Tag: Governess

The Vulnerable Victorian Governess

The Governess by Richard Redgrave, 1844.

A governess occupied a unique position in a Victorian household. She was neither servant, nor family member. She existed in a sort of in-between world which often left her feeling isolated and alone. To combat this, the young governess was advised to cultivate a tolerance for solitude. Author Susan Ridout addresses this in her somewhat depressing nineteenth century book of advice, Letters to a Young Governess on the Principles of Education and Other Subjects Connected with Her Duties (1840):[…]Continue Reading

The Literary Governess: Depictions in Austen, Brontë, Thackeray, and Heyer

The Governess by Richard Redgrave, 1844.
The Governess by Richard Redgrave, 1844.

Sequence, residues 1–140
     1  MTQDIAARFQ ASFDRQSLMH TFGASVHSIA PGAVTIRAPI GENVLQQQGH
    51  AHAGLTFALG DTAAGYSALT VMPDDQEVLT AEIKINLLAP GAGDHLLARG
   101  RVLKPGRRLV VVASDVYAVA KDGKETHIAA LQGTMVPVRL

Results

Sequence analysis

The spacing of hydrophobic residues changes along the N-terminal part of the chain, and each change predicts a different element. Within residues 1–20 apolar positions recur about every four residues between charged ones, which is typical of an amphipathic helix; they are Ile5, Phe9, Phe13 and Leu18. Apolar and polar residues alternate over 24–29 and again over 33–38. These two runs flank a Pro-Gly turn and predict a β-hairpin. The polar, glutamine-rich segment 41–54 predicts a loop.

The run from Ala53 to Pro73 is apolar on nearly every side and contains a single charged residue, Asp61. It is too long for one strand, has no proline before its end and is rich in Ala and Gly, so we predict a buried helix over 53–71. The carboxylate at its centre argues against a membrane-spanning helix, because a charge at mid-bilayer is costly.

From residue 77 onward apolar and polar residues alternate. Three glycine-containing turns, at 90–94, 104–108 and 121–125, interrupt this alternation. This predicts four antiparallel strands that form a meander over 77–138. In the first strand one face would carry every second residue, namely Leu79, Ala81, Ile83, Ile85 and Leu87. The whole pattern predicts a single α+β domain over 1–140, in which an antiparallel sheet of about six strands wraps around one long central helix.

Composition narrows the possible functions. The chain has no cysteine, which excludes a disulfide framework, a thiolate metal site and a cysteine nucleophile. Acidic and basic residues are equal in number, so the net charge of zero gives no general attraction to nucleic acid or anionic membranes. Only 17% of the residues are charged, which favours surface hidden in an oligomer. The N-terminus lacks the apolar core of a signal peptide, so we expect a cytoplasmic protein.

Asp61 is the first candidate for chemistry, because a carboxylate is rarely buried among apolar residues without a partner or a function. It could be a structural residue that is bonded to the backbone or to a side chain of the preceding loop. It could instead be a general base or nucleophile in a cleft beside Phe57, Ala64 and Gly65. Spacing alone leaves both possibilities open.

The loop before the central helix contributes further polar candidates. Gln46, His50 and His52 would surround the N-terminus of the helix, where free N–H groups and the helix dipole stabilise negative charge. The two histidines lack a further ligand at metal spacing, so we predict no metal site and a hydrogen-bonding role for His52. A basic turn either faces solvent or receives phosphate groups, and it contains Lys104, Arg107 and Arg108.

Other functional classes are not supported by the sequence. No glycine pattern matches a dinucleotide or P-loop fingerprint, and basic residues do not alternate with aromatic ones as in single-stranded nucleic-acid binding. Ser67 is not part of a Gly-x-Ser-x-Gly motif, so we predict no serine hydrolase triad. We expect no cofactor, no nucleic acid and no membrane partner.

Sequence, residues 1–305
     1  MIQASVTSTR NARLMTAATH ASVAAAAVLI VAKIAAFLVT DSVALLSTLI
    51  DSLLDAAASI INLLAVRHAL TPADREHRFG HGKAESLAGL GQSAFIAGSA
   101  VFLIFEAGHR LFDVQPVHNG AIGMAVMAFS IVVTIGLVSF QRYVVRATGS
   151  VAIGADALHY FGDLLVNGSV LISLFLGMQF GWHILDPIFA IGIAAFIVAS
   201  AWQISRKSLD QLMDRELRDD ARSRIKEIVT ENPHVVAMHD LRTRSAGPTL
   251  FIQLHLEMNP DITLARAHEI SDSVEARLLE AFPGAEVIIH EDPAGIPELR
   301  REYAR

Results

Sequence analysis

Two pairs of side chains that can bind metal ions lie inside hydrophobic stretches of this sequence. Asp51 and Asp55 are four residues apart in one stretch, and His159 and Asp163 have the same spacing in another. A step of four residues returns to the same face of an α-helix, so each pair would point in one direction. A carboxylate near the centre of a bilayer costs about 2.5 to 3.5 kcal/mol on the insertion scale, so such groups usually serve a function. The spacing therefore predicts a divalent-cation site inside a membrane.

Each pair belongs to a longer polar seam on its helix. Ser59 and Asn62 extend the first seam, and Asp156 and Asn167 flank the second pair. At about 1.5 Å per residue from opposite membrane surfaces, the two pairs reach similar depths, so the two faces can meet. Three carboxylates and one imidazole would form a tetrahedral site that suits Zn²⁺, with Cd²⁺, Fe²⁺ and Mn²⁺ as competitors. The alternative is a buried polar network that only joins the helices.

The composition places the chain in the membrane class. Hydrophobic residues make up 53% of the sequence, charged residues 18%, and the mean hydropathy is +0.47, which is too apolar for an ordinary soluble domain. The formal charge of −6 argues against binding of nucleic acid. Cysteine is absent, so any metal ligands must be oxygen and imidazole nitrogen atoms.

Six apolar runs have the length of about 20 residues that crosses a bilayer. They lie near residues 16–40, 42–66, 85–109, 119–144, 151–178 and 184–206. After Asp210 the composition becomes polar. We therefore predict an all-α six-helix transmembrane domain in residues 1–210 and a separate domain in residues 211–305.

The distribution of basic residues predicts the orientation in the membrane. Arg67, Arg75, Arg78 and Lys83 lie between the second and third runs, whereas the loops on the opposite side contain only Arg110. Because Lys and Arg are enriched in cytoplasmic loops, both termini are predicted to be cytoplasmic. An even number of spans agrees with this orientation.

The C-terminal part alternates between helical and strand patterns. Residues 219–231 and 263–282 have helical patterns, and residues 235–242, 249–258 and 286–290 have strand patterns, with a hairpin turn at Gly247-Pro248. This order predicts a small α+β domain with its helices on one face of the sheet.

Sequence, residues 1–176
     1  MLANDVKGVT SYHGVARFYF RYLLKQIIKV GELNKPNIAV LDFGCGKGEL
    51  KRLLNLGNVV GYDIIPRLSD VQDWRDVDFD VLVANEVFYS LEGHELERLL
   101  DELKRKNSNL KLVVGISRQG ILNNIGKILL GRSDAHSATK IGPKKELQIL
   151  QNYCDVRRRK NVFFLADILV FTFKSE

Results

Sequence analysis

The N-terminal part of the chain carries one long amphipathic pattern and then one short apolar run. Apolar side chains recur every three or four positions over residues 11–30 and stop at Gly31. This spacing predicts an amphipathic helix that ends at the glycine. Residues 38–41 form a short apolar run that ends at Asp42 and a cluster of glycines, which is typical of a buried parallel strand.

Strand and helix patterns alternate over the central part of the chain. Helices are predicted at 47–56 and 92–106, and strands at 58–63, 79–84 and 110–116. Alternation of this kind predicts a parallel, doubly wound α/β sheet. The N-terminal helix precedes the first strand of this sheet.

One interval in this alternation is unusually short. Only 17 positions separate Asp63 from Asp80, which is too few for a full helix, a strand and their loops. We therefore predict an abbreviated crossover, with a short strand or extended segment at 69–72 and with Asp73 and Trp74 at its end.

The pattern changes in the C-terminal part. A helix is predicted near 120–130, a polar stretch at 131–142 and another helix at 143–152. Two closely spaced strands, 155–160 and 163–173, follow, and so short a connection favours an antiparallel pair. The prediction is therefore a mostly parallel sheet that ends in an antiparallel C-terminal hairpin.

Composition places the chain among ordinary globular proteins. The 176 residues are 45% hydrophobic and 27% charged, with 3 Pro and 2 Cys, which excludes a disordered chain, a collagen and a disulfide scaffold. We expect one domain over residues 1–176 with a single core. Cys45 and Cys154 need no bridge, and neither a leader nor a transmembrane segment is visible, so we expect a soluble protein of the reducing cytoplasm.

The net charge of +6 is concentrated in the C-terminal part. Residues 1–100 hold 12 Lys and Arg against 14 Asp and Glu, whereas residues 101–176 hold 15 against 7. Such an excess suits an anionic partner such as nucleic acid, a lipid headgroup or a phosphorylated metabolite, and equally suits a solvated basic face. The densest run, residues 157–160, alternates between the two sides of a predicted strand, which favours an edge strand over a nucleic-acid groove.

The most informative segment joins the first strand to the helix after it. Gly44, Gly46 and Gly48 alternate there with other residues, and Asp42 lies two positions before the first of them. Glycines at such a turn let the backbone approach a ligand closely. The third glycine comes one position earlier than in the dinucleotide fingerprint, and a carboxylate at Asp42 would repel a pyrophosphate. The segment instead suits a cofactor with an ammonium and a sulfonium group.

During the 19th century, a gently bred young lady with no fortune, no family, and no prospects had few options for making her way in the world.  She might hire herself out as a companion, of course.  Or if she was particularly adept with a needle, she might take in a bit of sewing.  Both were respectable, genteel occupations for a lady down on her luck and, as such, both are well-represented in historical novels.  However, despite the undoubted romantic appeal of the penniless companion and the impoverished seamstress, neither position provides the wealth of literary possibilities inherent in the role of governess.[…]Continue Reading

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